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Dedrick Asante-Muhammad and Chuck Collins – America’s Racial Wealth Divide Is Nothing Short of Shocking

Most media coverage of racial injustice has understandably focused on our country’s unfair policing and criminal justice system. But to fully understand the current reality of racial inequality in America, we also need to take an honest look at our nation’s shocking wealth disparities. Wealth — the total assets a family owns after the bills are paid — is the …

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Science Shows Us Precisely Why Trees Literally Help Reduce Stress

(UR) It’s no secret: trees are an integral part of how we live on this planet. From their well-known and vital role in the oxygen cycle, and their importance to their ecosystems — they are also central to the human food system. But trees also have other, less obviously integral benefits that manifest in our lives. Sure, without trees it would definitely be harder to breathe — …

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Academics can change the world – if they stop talking only to their peers

Research and creative thinking can change the world. This means that academics have enormous power. But, as academics Asit Biswas and Julian Kirchherr have warned, the overwhelming majority are not shaping today’s public debates. Instead, their work is largely sitting in academic journals that are read almost exclusively by their peers. Biswas and Kirchherr estimate that an average journal article is “read completely by …

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Charles Eisenstein – The Waters of Heterodoxy: Gerald Pollack’s “The Fourth Phase of Water”

In “The Fourth Phase of Water,” Gerald Pollack offers an elegant new theory of water chemistry that has profound implications not only for chemistry and biology, but for the metaphoric foundation of our understanding of reality and our treatment of nature. Let me emphasize that this is not a New Age book by someone of questionable scientific credentials. This is a book …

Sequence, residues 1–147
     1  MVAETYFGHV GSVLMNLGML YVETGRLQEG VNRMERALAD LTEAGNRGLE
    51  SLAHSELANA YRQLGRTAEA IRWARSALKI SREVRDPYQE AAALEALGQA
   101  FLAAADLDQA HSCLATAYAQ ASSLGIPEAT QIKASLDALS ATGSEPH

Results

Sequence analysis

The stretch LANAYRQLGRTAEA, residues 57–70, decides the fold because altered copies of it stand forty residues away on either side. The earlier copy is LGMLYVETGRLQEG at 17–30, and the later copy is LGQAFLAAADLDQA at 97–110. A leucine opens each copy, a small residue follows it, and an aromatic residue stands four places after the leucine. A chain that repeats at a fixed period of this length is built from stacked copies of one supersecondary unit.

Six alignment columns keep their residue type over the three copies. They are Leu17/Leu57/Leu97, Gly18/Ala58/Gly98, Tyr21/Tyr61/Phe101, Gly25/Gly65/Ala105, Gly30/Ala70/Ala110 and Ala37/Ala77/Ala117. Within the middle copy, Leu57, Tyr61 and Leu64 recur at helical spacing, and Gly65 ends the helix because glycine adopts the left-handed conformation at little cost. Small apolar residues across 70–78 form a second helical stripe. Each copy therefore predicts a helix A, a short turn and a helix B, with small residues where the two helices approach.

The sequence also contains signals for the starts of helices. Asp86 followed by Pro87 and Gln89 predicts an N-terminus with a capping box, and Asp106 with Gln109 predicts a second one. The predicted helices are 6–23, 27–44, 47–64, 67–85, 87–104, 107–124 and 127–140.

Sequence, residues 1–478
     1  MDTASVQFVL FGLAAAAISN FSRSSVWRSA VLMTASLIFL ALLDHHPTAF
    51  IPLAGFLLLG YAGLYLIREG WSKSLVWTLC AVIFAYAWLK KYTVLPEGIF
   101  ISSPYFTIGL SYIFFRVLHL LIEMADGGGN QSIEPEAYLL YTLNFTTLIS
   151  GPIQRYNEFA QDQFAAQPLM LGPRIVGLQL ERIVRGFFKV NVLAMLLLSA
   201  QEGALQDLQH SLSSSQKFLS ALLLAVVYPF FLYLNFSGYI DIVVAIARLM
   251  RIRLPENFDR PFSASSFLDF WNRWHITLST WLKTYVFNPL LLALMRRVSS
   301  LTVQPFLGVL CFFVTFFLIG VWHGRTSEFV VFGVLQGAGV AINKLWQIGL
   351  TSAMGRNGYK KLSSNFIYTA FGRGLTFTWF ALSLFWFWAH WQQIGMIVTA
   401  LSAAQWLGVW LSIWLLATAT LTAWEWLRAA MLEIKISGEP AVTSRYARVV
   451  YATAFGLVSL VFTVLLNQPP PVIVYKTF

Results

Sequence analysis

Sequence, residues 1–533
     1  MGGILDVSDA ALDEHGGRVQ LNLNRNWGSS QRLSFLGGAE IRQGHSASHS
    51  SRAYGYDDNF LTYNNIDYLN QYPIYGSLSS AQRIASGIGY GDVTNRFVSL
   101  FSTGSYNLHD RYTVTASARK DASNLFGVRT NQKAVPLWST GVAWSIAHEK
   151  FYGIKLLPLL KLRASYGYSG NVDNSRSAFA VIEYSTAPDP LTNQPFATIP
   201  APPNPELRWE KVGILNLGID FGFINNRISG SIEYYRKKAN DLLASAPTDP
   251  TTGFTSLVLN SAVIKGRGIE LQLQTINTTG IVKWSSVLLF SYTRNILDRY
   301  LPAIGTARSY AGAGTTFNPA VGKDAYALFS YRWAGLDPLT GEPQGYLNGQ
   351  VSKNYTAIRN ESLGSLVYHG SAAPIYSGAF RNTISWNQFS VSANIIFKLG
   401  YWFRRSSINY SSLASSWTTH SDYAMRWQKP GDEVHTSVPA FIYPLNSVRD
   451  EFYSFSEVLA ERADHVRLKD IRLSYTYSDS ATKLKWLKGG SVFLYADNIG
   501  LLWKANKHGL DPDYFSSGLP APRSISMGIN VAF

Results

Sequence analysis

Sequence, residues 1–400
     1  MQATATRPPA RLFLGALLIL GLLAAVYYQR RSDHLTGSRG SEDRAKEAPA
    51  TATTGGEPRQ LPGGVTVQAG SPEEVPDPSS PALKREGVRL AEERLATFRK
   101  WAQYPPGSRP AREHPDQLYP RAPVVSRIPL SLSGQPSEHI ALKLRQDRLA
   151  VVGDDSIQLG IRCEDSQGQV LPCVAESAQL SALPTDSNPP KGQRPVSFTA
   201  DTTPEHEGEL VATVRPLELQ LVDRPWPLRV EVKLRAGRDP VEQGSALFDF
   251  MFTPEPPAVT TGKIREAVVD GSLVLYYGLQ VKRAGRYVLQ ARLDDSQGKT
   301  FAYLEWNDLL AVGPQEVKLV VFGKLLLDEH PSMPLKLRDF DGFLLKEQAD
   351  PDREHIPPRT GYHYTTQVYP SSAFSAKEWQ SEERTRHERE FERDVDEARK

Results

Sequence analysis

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Resistance Radio – Juliee de la Terre and William Greendeer – 01.10.16

Juliee de la Terre, She holds an MS from the Gaylord Nelson Institute for environmental studies at University of Wisconsin Madison. She has been an activist since she was a child helping her mother care for injured wildlife. She owned a chemical free landscaping business for almost two decades which emphasized removing lawns and restoring native plants. As an environmental consultant she assisted the Ho-Chunk Nation in efforts to design and implement an place based ecological immersion project on their land near Black River Falls with the intention of immersing young tribal members in nature while learning their language and culture. Recently, she assisted Ho-Chunk Tribal member William Greendeer in introducing the Rights of Nature into the Ho-Chunk constitution. She maintains her bog called “Sacred Water Sacred Land” about the sacredness of al things and also “Heart of the Ho-Chunk” with William Greendeer about Ho-Chunk culture and the environment. She is a professor of natural science at Viterbo University.

William Greendeer is an elder in the Ho-Chunk Nation whose territory recently spanned WI, MN, IL and IA. He is Deer Clan and member of the medicine lodge. His first 8 summers were spent in a lodge and he has a deep connection to the natural world. William experiences sacred connection with the natural world and offers prayer when harvesting a plant or animal. He is teaching how to live in good way on his land in southwest WI. He hopes to rejuvenate his old farm with native plants and also by protecting the beavers that make their home in his valley. His family’s land and many of his tribal members’ land have been affected by frac sand mining activities in addition to the damage caused by the cranberry growing industry in southwest WI. He introduced a rights of nature amendment at general counsel in September with 3/4 of the tribal members supporting it. He hopes have the rights of nature in tribal law will help the tribe protect their sacred land, water and all our relations.

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A Compassionate Approach Leads to More Help and Less Punishment

Seeing a child steal a toy from a fellow playmate. Watching a stranger cut in line at the grocery store. When we witness something unjust, our emotions often shape our behavior both toward the person wronged and the wrongdoer. But why we help the victim in some cases or punish the transgressor in others isn’t that simple, according to researchers …